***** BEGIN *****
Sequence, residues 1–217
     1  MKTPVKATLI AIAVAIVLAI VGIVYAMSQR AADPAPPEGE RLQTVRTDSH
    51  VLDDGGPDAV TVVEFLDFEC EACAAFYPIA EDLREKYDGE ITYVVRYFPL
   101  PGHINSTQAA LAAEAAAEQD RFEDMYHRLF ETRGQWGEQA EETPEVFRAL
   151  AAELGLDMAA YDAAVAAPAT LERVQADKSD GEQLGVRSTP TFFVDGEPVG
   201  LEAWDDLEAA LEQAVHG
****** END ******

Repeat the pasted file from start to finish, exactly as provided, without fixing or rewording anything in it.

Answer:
Sequence, residues 1–217
     1  MKTPVKATLI AIAVAIVLAI VGIVYAMSQR AADPAPPEGE RLQTVRTDSH
    51  VLDDGGPDAV TVVEFLDFEC EACAAFYPIA EDLREKYDGE ITYVVRYFPL
   101  PGHINSTQAA LAAEAAAEQD RFEDMYHRLF ETRGQWGEQA EETPEVFRAL
   151  AAELGLDMAA YDAAVAAPAT LERVQADKSD GEQLGVRSTP TFFVDGEPVG
   201  LEAWDDLEAA LEQAVHG